Why Bamboo Flooring is NOT 100% Eco-Friendly

Bamboo flooring is a natural material that has gained significance in the construction industries at present because it is relatively cost-effective, ecologically friendly and, if properly constructed, it is as durable as hardwood. However, is it 100% eco-friendly as it claimed to be?

Bamboo is advertised in markets as hard and durable flooring, therefore, a wise investment to your homes. But if you are to be smart enough, an important thing to consider is selecting the most suitable type of bamboo. Bamboos that are harvested at a proper time and did not go through the carbonization process are extremely durable. The carbonization process tends to soften the material and bamboos that went through this process can be easily identified as they have a darker color than the uncarbonized ones. Thus, this makes the carbonized bamboo not so superior to the conventional hardwood floorings. Similarly, it is prone to damage with stuff like furniture legs, pet claws and high heels just like any hardwood floors.

Bamboo floorings, on the other hand are not as eco-friendly as it claimed to be. Due to much-gained popularity as a flooring option that, according to many reports,forests are being cut down and cleared to grow more bamboos. Also, the growers, although not necessary, are reportedly fertilizing the bamboos so they can increase their harvests.

In Jim Boyer’s research, he claims that bamboos are not that “green” since it is already becoming a usual practice to get rid of existing trees in forests only to be replaced by bamboos. This mass removal of existing trees has resulted in increased risk of erosion in the mountains and hillsides, and the environment is also affected by the intensive, unnecessary use of chemicals such as fertilizers and pesticides to grow bamboos.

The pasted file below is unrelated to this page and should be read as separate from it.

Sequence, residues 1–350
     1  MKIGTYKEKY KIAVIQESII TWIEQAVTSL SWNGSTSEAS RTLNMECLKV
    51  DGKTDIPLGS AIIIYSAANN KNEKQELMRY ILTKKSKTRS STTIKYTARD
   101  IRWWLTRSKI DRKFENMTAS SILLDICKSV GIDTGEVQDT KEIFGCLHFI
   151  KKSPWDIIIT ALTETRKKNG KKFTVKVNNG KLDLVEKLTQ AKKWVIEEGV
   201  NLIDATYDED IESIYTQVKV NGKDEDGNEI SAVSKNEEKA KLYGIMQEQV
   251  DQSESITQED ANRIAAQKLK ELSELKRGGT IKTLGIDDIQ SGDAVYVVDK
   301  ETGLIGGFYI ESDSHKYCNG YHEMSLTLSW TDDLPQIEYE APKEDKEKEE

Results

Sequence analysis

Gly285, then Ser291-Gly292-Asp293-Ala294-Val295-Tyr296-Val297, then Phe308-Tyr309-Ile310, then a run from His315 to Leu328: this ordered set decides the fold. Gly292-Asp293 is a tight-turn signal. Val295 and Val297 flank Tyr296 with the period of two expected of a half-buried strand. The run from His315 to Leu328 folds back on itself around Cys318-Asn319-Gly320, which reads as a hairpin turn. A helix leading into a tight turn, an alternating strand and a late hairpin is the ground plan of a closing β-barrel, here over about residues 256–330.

Moreover, the Forest Stewardship Council gives certification to forest managers who have proved that they are implementing proper maintenance of forests and that their products provide significant benefits to the environment, society, and economy. Presently, there are no known FSC Certifications to Bamboo Forests except to Colombia Bamboo SLIMF.

Another concern with bamboo floorings is its formaldehyde binder content which is added by the manufacturers as an adhesive and which emits volatile organic compounds (VOCs). Not only this, the manufacturing process itself of this flooring material takes up a lot of energy and toxic chemicals.

However, not all bamboo floorings are potentially environmentally hazardous. One company called Teragren prides itself as a leading manufacturer of environmentally sensitive bamboo floors, integrating lower formaldehyde in their products. K&M is another company based in Canada manufacturing laminated bamboo which emits .00563 milligrams of VOCs per hour as certified by Vancouver-based Forintek Canada Corp. Bamboo Hardwoods, established in Vietnam by Doug Lewis ensures that the factory manufactures only environmentally and worker friendly bamboo products.

In conclusion, it is best to check the type of bamboo to be used and the supplier’s certification or credibility if you are insistent in installing bamboo flooring to your homes.

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